Sidney Brush has chaperoned her share of school field trips over the years — to art museums, candy stores, the Sedgwick County Zoo.
"Exhausting," recalls Brush, a Wichita mom whose youngest daughter is in middle school. "If you're taking on the responsibility of watching these kids and you're not used to doing that, it can be absolutely exhausting."
When she heard a Wichita student, a first-grader at Linwood Elementary, had been clawed by a leopard last week during a field trip to the zoo, her first thoughts were for the injured boy and his family, hoping they were OK.
Her next thought: "I feel for that chaperone, whoever it is. . . . I've been to the zoo this time of year, and it's not easy. There are just so many kids out there."
Premium content for only $0.99
For the most comprehensive local coverage, subscribe today.
Wichita school officials say the incident has prompted them to review their policy and protocol regarding field trips, but trips to the zoo and elsewhere will continue.
"I've been here a long time now, and we've never had anything of this nature happen," said Alicia Thompson, assistant superintendent for elementary schools. "I just think this was a fluke kind of thing."
Thompson said she couldn't comment specifically about Friday's incident, which is still being investigated. But she said Linwood teachers had an appropriate number of adult chaperones on the trip, and that "board policies were followed."
The boy went home from the hospital Monday after suffering injuries to his neck and face. Zoo officials said the boy climbed over a guard rail and approached the leopard's cage. The leopard reached its paw through the fence of its enclosure and grabbed the boy's face, they said.
The boy was one of three children in a group being supervised by a parent volunteer, Thompson said. She would not say whether the chaperone was the child's parent or where the adult was when the attack happened.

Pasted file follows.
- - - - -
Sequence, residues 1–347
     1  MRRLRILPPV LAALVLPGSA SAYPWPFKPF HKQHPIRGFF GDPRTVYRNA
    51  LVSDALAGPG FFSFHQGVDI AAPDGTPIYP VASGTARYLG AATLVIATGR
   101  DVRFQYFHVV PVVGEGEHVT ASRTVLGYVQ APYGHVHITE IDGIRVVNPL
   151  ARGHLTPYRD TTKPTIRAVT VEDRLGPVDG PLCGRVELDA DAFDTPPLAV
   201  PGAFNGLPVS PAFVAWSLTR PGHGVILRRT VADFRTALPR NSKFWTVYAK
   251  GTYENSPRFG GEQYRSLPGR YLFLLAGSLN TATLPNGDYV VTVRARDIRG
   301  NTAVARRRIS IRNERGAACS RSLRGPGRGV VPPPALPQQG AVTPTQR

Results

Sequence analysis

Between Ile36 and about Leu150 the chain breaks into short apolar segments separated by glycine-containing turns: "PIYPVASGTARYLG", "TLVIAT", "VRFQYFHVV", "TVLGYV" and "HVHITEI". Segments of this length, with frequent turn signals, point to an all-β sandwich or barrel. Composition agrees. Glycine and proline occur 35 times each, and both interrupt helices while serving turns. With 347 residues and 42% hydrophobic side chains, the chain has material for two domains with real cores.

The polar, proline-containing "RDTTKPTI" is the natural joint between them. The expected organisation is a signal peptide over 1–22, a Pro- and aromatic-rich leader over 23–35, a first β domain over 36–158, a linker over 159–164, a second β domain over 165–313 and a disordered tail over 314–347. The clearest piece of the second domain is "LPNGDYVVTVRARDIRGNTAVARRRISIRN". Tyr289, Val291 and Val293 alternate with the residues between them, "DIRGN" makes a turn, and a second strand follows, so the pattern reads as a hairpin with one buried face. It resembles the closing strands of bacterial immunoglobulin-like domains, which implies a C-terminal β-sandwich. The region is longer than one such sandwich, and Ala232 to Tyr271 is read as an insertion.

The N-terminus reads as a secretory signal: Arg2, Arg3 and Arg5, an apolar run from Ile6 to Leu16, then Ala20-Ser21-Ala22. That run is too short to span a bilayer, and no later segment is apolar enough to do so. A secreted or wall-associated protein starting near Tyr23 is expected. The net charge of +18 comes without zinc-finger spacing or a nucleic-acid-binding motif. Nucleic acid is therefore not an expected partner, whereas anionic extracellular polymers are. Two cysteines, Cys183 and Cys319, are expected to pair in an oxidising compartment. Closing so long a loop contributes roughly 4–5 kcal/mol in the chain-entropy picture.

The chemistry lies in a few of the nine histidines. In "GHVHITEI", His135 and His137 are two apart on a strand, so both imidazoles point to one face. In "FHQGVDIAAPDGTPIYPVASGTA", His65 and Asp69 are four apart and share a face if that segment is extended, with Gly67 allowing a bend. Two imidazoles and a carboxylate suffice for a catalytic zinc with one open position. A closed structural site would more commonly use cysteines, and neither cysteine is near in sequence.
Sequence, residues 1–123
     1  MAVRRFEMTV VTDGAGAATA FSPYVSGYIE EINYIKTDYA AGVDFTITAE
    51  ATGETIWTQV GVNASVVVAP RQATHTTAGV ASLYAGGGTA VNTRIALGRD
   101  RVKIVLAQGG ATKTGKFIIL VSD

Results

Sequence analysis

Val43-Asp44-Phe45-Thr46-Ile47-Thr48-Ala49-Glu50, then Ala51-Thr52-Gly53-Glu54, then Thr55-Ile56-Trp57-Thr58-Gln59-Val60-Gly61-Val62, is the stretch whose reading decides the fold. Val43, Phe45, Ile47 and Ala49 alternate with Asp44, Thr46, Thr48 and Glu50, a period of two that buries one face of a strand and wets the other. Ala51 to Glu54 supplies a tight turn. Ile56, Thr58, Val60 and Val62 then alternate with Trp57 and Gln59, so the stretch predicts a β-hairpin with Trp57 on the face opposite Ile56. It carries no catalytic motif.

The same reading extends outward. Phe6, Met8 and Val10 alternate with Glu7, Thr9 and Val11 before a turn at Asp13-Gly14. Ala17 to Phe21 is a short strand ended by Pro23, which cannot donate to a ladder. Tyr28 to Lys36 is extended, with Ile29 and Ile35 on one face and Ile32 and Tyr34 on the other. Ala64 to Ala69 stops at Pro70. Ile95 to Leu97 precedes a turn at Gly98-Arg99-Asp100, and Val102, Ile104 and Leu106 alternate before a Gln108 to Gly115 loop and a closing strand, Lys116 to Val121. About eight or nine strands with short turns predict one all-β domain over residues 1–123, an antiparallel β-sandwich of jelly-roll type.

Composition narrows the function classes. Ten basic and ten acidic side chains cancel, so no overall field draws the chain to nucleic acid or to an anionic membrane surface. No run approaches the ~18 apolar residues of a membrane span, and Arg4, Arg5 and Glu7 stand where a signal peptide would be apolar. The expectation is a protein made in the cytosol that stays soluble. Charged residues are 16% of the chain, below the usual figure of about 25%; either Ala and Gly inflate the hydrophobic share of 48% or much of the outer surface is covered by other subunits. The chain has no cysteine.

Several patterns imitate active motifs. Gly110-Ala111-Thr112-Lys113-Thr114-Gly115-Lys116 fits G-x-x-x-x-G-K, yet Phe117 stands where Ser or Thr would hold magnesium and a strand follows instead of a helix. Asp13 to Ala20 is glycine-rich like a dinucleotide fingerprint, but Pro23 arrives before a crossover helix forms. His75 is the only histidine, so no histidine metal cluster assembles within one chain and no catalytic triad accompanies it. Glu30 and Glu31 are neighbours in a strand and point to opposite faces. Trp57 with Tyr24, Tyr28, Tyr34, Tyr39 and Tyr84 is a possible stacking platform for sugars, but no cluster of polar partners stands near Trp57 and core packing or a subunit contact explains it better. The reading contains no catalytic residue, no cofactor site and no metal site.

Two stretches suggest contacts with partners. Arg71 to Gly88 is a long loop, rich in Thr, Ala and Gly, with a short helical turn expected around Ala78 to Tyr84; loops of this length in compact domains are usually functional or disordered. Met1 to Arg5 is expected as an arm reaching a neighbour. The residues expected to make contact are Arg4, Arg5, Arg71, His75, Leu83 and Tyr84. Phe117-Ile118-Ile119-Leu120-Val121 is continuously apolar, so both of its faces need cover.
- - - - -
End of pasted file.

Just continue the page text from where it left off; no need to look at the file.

"It is still being investigated," said district spokeswoman Susan Arensman.
Wichita district policy encourages principals and teachers to plan instructional activities "inside and outside the classroom."
According to the policy, "School trips are considered an integral part of the curriculum. Preparation, plans, evaluation, and safety precautions are responsibilities of the principal and teachers involved."
The policy does not dictate a specific adult-child ratio for field trips.
"It really depends upon where you're going, the situation you'll be in," Thompson said.
For young students at the zoo, a "good general rule" is three to five students per chaperone, she said. Teachers are encouraged to review rules and expectations with students and parent volunteers before the trip, to go over the day's agenda and to share cell phone numbers with chaperones.
Camille Snyder, a Wichita mother of three, said she has chaperoned probably two dozen field trips and "never had an issue at all with feeling overwhelmed."
"Chaperoning does require an amount of work, but there's a good trust between the teachers and the chaperones," said Snyder, who recently chaperoned her first-grader's trip to the Wichita Art Museum.
A common challenge with young children, said Snyder and others, is keeping them in sight, especially at the zoo. In April or May — prime field trip months — thousands of youngsters visit the zoo, and crowds can be overwhelming.
"There was once or twice that I was given one of the more challenging students," said Brush, whose daughters attended Mueller Elementary. "And I would just make them hold my hand.
"We would go back to the petting zoo, and I remember telling the kids not to approach the peacocks or the geese that were nesting," she said. "They're kids, and they're wanting to look at stuff, so you just have to be constantly vigilant."
Zoo officials said last week's leopard attack could result in changes to the zoo's guidelines for field trips. The zoo does not require a specific adult-child ratio; it offers one free teacher or chaperone pass for every 10 students.
School board member Betty Arnold said the attack, while an isolated incident, "is a kind of reminder of what can happen" on field trips and elsewhere.
"We'll take the opportunity to look at what we could do, how we can make sure this doesn't occur in the future," she said. "If it's a matter of supervision, I certainly hope the message is that we'd rather see a trip postponed or canceled than risk the safety of a child."
Brush said she hopes more parents volunteer as chaperones because lots of learning takes place outside the classroom.
"People don't realize that we have an inner-city district, and (for) a lot of these kids, the only time they see a cow is in a picture book or on TV," she said. "I didn't really realize that until taking my kids' classes to the zoo. So I think it's important."